L410 was presented in DATZ magazine in December 2007. It was claimed to be from Rio Jari, Brazil. It has never been proved to actually come from this river, and the similarity to various Xingu forms is striking. These days it's slowly diminishing in the hobby, as no new wild stock is supplied to the trade. L410 is not allowed for export from Brazil, and there's not much commercial fishing going on in Rio Jari anymore. Some breeders in Germany have been able to keep the line available in the hobby since it first arrived on the scene.
Name: Hypancistrus sp. “L410”
Trade names: L410
Origin: Rio Jari, Brazil.
Maximum size: 14 cm / 6''
This species can be confused with L399 and L400 from Rio Xingu. L-welse.com states that L410 seem to have larger/more elongated fins. Until we are presented with proof that L410 really does come from Rio Jari, it’s very plausible that the original specimens were actually Xingu fish.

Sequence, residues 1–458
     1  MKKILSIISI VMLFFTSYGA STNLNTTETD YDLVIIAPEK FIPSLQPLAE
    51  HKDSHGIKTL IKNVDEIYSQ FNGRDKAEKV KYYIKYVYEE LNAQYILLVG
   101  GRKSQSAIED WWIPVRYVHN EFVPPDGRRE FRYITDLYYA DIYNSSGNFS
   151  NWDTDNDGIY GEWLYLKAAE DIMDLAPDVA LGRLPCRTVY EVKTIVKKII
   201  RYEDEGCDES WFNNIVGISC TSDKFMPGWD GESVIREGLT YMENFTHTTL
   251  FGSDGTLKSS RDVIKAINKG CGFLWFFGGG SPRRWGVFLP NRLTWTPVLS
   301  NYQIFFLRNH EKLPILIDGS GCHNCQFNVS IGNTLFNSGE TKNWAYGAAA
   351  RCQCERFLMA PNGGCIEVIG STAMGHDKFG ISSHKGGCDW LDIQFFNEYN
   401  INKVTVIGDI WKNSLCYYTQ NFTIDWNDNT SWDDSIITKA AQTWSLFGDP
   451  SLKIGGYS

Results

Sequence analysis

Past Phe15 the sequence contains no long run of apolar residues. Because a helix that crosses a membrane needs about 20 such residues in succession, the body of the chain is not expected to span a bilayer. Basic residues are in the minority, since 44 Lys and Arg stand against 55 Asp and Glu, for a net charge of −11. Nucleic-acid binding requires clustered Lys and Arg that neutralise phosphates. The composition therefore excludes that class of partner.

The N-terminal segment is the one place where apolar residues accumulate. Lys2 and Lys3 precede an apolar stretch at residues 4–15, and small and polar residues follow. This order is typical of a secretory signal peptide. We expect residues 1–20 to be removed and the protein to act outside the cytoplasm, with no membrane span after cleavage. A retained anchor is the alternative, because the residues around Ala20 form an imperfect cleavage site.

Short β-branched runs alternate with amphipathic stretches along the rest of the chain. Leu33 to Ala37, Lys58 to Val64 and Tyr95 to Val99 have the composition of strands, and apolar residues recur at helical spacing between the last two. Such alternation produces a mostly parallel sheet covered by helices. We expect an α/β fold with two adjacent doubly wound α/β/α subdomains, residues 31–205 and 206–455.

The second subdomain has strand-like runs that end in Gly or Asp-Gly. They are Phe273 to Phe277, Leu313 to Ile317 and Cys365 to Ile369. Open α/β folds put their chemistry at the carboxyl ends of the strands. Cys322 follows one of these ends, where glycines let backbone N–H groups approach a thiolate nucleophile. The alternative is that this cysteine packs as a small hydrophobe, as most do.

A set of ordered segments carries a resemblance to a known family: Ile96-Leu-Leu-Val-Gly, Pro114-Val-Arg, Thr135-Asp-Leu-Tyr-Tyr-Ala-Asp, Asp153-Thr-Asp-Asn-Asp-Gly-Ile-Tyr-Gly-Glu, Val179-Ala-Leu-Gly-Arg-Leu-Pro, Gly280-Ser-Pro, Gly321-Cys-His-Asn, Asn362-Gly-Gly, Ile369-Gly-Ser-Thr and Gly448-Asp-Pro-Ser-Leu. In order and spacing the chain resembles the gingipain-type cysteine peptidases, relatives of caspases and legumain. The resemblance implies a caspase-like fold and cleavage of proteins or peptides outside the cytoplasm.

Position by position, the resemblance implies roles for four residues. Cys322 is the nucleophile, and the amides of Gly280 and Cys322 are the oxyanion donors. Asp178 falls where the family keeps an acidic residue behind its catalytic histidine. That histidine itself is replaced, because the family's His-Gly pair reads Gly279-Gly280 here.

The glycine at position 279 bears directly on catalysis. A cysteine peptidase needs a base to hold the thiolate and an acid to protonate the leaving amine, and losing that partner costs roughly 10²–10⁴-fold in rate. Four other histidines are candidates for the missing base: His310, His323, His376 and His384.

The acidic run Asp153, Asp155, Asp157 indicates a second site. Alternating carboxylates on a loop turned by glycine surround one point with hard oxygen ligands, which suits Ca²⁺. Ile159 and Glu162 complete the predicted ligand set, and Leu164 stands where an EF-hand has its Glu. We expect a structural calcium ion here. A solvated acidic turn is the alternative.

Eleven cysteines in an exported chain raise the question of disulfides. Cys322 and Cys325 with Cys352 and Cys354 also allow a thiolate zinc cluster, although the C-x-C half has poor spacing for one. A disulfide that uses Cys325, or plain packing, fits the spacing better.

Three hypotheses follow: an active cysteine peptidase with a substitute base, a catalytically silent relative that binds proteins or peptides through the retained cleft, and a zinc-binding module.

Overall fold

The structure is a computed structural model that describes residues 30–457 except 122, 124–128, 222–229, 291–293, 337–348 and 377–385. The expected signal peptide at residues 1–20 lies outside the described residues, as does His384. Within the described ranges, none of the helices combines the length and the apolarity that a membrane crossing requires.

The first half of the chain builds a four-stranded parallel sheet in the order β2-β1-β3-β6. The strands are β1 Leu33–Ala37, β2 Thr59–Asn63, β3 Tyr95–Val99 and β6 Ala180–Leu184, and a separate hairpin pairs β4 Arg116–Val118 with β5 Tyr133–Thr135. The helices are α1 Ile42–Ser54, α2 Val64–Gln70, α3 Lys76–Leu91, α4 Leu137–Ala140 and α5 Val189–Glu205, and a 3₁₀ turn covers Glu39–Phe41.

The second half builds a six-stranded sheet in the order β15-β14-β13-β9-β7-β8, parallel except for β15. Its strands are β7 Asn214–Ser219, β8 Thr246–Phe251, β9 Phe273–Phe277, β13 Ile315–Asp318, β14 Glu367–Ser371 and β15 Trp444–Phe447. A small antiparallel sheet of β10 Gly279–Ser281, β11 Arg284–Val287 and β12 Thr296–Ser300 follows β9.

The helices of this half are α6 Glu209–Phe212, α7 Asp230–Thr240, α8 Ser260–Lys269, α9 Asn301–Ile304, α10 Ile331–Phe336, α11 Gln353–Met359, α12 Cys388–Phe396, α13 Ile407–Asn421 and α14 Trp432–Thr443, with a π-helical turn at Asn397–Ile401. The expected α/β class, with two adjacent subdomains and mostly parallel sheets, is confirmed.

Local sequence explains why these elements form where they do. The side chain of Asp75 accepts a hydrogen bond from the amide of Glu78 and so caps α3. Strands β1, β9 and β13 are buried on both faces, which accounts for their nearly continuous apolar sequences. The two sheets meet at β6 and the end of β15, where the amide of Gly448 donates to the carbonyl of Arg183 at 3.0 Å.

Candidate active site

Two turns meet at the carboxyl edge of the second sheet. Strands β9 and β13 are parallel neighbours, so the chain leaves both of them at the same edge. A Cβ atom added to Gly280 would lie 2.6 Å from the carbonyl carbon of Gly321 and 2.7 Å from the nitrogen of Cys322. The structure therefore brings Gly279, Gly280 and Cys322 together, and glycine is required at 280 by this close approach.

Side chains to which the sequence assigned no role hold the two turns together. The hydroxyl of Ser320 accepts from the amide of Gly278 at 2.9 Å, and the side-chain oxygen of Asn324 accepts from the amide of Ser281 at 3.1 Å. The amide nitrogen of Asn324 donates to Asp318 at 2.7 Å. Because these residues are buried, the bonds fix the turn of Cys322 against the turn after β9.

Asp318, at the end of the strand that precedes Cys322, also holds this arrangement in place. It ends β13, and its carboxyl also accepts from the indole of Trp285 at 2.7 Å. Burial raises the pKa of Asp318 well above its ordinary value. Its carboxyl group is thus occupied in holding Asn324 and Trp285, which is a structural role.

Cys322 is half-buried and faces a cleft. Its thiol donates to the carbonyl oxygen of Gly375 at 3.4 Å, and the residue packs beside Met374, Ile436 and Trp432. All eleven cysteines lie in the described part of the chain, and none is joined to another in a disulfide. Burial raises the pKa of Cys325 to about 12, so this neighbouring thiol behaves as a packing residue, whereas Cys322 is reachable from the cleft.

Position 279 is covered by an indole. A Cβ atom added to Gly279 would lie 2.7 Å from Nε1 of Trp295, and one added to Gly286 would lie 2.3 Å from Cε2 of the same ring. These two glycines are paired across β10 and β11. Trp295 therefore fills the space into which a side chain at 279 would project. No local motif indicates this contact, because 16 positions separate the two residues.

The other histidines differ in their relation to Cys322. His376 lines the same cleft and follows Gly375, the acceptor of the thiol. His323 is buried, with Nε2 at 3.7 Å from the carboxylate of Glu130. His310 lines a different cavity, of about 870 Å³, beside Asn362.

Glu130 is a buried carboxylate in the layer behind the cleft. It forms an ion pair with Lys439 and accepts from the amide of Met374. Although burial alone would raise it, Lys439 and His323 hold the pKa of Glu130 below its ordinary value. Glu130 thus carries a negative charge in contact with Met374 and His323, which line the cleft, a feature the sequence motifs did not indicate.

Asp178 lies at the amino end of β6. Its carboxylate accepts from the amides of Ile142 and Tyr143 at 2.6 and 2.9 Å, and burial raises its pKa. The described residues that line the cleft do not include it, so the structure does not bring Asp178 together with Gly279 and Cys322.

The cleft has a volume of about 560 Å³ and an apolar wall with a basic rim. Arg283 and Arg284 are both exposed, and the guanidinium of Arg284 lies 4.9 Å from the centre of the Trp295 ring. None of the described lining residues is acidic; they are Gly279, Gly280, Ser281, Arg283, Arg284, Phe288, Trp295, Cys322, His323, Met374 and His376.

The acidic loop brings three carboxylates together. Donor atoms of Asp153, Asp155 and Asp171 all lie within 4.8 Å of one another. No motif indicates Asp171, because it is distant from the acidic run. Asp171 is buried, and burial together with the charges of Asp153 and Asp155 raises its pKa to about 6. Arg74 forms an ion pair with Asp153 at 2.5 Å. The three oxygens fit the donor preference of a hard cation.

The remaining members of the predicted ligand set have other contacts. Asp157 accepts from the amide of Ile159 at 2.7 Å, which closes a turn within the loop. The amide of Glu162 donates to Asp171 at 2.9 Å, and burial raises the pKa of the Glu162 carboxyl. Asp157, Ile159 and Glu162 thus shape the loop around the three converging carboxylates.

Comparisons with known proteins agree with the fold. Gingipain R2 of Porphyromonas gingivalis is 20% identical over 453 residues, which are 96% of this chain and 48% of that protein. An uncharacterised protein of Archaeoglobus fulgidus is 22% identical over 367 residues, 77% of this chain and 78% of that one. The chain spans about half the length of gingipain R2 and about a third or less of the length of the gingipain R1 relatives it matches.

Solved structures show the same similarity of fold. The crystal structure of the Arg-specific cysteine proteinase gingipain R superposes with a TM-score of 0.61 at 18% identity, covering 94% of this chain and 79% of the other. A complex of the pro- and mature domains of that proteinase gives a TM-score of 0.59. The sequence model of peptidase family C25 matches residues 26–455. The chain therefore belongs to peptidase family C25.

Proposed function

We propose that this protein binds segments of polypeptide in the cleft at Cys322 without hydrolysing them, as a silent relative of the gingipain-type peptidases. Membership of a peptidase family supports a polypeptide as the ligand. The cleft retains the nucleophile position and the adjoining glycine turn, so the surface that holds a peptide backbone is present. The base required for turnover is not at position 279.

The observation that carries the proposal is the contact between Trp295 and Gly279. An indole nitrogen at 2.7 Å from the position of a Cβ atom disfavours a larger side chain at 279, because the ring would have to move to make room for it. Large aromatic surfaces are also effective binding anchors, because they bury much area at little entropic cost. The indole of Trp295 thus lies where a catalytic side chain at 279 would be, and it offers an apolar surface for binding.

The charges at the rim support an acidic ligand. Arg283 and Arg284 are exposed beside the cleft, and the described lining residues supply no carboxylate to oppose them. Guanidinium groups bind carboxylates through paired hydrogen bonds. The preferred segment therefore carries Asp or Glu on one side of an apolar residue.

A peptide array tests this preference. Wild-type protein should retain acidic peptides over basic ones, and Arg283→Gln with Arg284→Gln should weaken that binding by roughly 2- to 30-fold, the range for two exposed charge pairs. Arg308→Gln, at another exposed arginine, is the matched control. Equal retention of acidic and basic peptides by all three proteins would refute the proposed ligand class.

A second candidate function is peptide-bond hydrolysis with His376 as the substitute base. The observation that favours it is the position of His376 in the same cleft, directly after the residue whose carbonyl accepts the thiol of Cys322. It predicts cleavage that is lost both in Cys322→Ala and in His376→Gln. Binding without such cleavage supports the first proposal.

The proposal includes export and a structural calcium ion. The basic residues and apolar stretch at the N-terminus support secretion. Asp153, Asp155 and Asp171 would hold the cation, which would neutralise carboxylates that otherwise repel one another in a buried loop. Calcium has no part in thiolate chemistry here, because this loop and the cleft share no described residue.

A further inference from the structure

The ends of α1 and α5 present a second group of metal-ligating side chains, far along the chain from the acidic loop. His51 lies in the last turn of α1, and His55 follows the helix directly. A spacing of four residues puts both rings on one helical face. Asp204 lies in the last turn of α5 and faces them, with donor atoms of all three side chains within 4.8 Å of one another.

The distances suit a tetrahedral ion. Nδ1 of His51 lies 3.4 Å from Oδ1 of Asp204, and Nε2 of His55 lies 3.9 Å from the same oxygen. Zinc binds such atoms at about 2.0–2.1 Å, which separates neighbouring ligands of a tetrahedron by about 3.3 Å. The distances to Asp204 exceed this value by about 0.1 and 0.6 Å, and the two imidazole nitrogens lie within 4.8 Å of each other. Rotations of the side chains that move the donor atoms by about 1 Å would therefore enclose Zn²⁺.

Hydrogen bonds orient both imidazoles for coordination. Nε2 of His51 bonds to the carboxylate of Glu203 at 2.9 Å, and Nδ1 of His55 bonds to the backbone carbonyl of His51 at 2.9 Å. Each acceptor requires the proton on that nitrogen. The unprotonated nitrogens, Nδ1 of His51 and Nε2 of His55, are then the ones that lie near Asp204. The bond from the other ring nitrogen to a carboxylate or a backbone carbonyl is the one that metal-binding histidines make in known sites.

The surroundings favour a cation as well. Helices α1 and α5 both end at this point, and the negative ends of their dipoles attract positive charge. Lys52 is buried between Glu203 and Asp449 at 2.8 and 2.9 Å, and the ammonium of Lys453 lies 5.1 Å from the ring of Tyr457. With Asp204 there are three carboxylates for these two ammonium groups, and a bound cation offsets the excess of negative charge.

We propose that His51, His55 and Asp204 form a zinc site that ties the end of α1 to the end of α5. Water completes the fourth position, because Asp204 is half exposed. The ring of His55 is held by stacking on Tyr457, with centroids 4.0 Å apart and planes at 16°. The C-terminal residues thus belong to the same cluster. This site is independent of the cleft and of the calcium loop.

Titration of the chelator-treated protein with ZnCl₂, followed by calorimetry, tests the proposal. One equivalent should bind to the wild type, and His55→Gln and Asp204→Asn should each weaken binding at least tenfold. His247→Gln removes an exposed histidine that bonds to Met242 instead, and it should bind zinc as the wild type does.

Some individuals show a mutated pattern of fewer black lines. Adult specimens, males in particular, can become very grey and dull coloured with their body almost covered in odontodes.
They need an aquarium set up consisting of lots of hiding places in the form of rocks, wood and of course specially made caves that suit their measurements. In these the males will eventually guard their offspring. They prefer water that is fairly warm (27-30 C), soft and slightly acidic. Most of all it should be well oxygenated and clean, so a good filtration system and frequent water changes are essential. Among themselves they are fairly peaceful, although males may quarrel for caves and females can sometimes be badly injured or even killed during the breeding-trapping in the male's cave. Males develop longer odontodes on their pectoral fins and on their cheeks, and have broader heads. Hypancistrus are mostly carnivorous, so a selection of crustaceans, insect larvae and fish meat should be offered along with high quality dried foods that also contain some vegetable matter.